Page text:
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Re: simple yet confusing [#permalink] New post 29 Jun 2010, 18:50
There was another discussion of this question. Here is the link http://gmatclub.com/forum/cr-dickinson-s-poetry-46261.html. Hopefully this helps.

Thanks,

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Re: simple yet confusing [#permalink] New post 03 Jul 2010, 16:22
B for me too.
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Re: Johnson is on firm ground when he asserts that the early [#permalink] New post 11 Oct 2013, 08:16
vageesh wrote:
Johnson is on firm ground when he asserts that the early editors of Dickinson’s poetry often distorted her intentions. Yet Johnson’s own, more faithful, text is still guilty of its own forms of distortion. To standardize Dickinson’s often indecipherable handwritten punctuation by the use of the dash is to render permanent a casual mode of poetic phrasing that Dickinson surely never expected to see in print. It implies that Dickinson chose the dash as her typical mark of punctuation when, in fact, she apparently never made any definitive choice at all.
Which of the following best summarizes the author’s main point?
(A) Although Johnson is right in criticizing Dickinson’s early editors for their distortion of her work, his own text is guilty of equally serious distortions.
(B) Johnson’s use of the dash in his text of Dickinson’s poetry misleads readers about the poet’s intentions.
(C) Because Dickinson never expected her poetry to be published, virtually any attempt at editing it must run counter to her intentions.
(D) Although Johnson’s attempt to produce a more faithful text of Dickinson’s poetry is well-meaning, his study of the material lacks sufficient thoroughness.
(E) Dickinson’s editors, including Johnson, have failed to deal adequately with the problem of deciphering Dickinson’s handwritten manuscripts.

reasoning pls


Hi all, In my opinion the answer is (A)
We are asked about the main point.
The main point here is that Johnson criticizes but his use of the dash falls under the same number of mistakes he is criticizing.
Let me know if you want to discuss further,

Hope it helps
...And please post the OA
Thanks
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Re: Johnson is on firm ground when he asserts that the early [#permalink] New post 12 Oct 2013, 20:36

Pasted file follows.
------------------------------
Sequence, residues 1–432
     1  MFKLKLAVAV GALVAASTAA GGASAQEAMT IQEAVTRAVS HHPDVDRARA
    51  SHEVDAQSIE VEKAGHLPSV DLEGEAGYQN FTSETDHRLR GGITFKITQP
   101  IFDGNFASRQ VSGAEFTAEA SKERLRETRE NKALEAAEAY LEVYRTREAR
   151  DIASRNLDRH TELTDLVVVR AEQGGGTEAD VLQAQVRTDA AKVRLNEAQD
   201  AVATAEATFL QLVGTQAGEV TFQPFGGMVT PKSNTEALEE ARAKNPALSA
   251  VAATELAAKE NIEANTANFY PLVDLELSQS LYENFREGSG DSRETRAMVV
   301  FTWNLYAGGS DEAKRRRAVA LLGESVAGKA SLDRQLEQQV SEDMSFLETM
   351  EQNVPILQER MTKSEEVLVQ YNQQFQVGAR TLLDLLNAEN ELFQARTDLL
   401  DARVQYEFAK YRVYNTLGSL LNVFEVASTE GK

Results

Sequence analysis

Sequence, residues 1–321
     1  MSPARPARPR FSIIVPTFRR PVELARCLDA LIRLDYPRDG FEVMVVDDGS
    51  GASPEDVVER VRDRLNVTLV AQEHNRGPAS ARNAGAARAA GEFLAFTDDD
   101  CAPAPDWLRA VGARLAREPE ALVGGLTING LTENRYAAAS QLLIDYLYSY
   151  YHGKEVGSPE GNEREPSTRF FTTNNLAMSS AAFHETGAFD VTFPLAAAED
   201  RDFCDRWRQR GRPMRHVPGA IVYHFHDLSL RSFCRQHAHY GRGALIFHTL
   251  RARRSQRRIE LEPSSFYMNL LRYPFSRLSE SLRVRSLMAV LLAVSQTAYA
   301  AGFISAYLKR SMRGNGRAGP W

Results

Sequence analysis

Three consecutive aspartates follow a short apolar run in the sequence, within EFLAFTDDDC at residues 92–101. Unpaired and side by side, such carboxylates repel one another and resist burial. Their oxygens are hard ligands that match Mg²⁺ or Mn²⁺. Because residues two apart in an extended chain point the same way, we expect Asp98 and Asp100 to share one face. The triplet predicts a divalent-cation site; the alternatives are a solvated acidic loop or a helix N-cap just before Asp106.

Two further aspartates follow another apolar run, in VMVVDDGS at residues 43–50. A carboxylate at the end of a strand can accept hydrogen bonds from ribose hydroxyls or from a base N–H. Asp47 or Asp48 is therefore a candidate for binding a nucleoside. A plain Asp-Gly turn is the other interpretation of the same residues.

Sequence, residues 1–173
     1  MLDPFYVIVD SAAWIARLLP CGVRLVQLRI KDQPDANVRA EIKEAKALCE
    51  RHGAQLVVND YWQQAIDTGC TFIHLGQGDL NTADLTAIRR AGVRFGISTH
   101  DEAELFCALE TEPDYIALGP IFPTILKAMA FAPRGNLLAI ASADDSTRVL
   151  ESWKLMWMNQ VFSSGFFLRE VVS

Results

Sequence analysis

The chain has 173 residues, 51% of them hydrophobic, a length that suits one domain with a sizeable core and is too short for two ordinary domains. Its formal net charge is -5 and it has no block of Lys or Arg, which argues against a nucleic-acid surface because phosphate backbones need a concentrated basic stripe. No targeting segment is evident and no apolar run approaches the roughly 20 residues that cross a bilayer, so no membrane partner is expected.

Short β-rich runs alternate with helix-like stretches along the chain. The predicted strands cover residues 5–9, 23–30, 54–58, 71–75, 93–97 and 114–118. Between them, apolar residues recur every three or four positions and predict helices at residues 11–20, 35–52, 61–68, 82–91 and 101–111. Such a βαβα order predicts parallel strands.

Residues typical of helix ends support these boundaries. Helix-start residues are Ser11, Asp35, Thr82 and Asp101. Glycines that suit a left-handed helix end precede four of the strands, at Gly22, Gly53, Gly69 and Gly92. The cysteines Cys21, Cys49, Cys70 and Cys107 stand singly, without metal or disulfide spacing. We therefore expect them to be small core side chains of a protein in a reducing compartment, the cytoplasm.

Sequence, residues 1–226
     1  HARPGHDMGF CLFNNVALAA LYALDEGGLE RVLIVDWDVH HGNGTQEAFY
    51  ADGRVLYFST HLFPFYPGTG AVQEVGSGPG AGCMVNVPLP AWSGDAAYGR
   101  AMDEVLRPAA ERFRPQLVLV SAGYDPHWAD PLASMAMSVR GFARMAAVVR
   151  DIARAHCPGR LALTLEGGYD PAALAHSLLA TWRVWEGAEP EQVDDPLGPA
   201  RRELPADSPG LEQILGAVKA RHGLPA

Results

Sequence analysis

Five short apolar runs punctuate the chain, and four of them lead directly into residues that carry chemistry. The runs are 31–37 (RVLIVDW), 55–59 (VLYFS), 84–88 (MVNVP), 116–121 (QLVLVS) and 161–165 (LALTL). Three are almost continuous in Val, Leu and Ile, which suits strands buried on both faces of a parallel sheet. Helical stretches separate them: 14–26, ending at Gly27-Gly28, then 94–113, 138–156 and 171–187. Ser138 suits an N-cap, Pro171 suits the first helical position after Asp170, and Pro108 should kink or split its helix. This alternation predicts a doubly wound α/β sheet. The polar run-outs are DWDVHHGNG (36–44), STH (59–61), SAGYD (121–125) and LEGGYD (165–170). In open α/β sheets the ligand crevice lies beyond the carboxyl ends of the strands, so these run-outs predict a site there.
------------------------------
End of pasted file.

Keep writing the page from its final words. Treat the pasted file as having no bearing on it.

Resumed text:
Question asks, "What is the author's main point?"
Best method for finding answer: process of elimination.

(A) Although Johnson is right in criticizing Dickinson’s early editors for their distortion of her work, his own text is guilty of equally serious distortions.
- Incorrect: the paragraph makes no indication of whether Johnson is wrong or right in his criticism, only that he is "on firm ground". Plus, the paragraph mentions that Johnson's text is more faithful, so it isn't of "equally serious distortions". The sentence that supports this answer, "Yet Johnson’s own, more faithful, text is still guilty of its own forms of distortion" is just the counter-premise.

(B) Johnson’s use of the dash in his text of Dickinson’s poetry misleads readers about the poet’s intentions.
- Correct. Punctuation affects poetry (as stated in the paragraph). Therefore, because we don't know if Dickinson would've approved of a dash, using it is misleading, in the sense that the dash could change the poem into something that Dickinson may not have intended.

(C) Because Dickinson never expected her poetry to be published, virtually any attempt at editing it must run counter to her intentions.
- Incorrect: The author does not say that Dickinson never expected to be published -- only that she "surely never expected" to see the dash used in such a way in print.

(D) Although Johnson’s attempt to produce a more faithful text of Dickinson’s poetry is well-meaning, his study of the material lacks sufficient thoroughness.
- Incorrect: Irrelevant. It is true that Johnson produces a more faithful text, but it is not clear whether or not his own distortion is a result of studying with insufficiently.

(E) Dickinson’s editors, including Johnson, have failed to deal adequately with the problem of deciphering Dickinson’s handwritten manuscripts.
- Incorrect: we're not talking about handwritten manuscripts, only handwritten punctuation.
Re: Johnson is on firm ground when he asserts that the early   [#permalink] 12 Oct 2013, 20:36